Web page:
There are more planets with moons than there are no planets. But how many rings too? Saturn had to do without him for a long time. Until someone lost his stomach.
What if our planet, like Saturn, had rings? That would be a wonderful sight. Our familiar moon sight will fade away. At our latitude, we would have a constantly tilted view of the rings, day and night, because they would then line up neatly around the equator. Together they will form a huge bright white arc illuminating the sky. You can also see a snow-white LP in it.
It turns out that the idea of a ring Earth isn’t crazy new search To the rings of Saturn that appeared in the trade magazine last week Sciences. Because the known rings may have formed after Saturn’s moon ventured close to its parent planet and was torn to shreds in the process. Some remnants of the Moon are said to have been floating around Saturn since then, in seven concentric rings. Moreover, the rings are said to be relatively recent, with an age of two hundred million years at most. That’s while Saturn, like Earth and the rest of the solar system, has a 4.6 billion year clock.
Back to Earth for a moment, because the ring formation scenario reminds us of a similar event in the history of our planet. According to the so-called Theia theory, a wandering protoplanet (Theia) would have collided with the young Earth 4.5 billion years ago, at the beginning of the solar system. During this impact, large amounts of material from Earth (and from Thea, who did not survive the impact) were thrown into space. The moon would have been created from it. But: If this material hadn’t clustered together in our natural satellite, it might have formed rings, too. Although this is not the case in Sciencesarticle, but it seems to us a correct conclusion. And while we are on the path of speculation, what is not possible, can still come. If one day the Moon becomes unbalanced and compresses the Earth, rings can still form – although that’s not a good thing for all of us to survive.
Ice not rocks
But Saturn. The age of the episodes has always been debated. One hypothesis states that the rings have always existed – read: since the planet’s birth – and that they were the birthplaces of many of the planet’s smaller moons (by the way, Saturn has no shortage of moons with 53 confirmed moons). A flaw in this hypothesis is that the rings today consist largely of large and small lumps of ice, while the formation of the Moon requires that there also be many pieces of rock in between. The other hypothesis states that the rings are much smaller, a few hundred million years at most, supported by measurements of the amounts of meteor dust they collected. This second hypothesis is now being implemented Sciences A strong push in the back. Because one of the conclusions of the article is that the rings are 200 million years old at most. But the scenario described in it is essentially decisive. In it do not arise moons from rings, as in the first hypothesis, but, on the contrary, arise from rings from moons. Or better: from one moon.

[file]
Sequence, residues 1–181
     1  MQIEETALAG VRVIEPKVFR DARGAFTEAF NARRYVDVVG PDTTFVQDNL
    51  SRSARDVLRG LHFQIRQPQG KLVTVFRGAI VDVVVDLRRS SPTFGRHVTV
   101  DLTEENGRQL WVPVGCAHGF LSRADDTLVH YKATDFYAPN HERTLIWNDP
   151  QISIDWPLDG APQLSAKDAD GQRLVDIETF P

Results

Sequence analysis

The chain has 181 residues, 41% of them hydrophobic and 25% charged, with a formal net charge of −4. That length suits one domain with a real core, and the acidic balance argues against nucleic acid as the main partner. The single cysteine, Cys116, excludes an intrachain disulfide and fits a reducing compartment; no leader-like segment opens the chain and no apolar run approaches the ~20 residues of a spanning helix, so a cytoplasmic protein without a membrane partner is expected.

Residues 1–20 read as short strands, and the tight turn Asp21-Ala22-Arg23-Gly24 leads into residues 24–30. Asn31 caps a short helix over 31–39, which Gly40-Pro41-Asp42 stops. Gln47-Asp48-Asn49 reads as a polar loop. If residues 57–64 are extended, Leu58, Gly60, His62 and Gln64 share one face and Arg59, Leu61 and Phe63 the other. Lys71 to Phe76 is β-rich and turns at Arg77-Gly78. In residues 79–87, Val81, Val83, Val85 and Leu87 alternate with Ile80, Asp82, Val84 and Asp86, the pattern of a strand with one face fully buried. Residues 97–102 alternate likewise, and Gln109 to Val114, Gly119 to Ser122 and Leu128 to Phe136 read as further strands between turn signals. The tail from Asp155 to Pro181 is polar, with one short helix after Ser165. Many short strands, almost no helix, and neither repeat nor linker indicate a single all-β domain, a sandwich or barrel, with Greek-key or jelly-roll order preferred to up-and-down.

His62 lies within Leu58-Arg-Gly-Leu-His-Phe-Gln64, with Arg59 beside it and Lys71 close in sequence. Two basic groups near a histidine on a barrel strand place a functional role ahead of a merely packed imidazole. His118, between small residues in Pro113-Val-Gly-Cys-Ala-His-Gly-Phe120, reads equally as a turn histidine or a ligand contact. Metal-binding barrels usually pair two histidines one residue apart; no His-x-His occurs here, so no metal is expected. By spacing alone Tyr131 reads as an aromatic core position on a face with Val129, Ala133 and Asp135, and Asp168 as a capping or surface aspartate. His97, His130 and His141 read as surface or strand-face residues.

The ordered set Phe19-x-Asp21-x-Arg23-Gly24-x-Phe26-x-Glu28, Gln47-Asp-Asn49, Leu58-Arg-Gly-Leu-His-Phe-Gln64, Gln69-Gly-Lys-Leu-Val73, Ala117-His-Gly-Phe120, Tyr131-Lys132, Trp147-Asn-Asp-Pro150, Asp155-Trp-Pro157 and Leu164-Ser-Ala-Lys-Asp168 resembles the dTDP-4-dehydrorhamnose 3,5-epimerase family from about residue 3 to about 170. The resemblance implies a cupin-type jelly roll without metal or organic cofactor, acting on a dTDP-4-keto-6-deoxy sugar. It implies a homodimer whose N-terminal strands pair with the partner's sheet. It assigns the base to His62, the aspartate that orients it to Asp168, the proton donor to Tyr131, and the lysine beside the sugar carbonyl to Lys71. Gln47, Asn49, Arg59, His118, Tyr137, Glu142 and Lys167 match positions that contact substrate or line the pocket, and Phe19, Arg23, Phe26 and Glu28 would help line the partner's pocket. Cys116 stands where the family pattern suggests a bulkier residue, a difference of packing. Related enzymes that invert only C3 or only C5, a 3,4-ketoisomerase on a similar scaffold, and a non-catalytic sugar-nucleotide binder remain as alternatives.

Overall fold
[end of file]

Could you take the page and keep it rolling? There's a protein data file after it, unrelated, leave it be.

However, the authors of the article, American planetary researchers, focused not directly on the rings, but on the angle of inclination with which Saturn rotates on its axis relative to the orbital plane of its orbit around the Sun. That angle is about 27 degrees, a little more inclined than Earth, but that may not always be the case, according to a new model that researchers developed for Saturn, based in part on data from the Cassini mission to the planet. . When Saturn was newly formed, it would have tilted less than 10 degrees. But the combination of the slow escape of Titan, whose orbit shifts around its parent planet by ten centimeters each year, and fluctuations in the orbit of the distant planet Neptune, would have pushed Saturn indirectly further and further. Until the counter reached 36 degrees and something must have caused a drastic shift: Saturn suddenly began crawling upright again. According to the researchers, this reversal was caused by the astigmatism of the moon. This caused instability in the finely tuned system of the planet and its moons, allowing Saturn to escape the influence of Neptune.
The Lost Moon was similar in size and composition to Iapetus, one of Saturn’s largest moons made almost entirely of ice. The ice ball may have flown into space, but it has also fallen prey to the gravity of the giant gas. Some of the debris from Saturn’s moon disappeared, so another portion may have been given new life as the planet’s ring.
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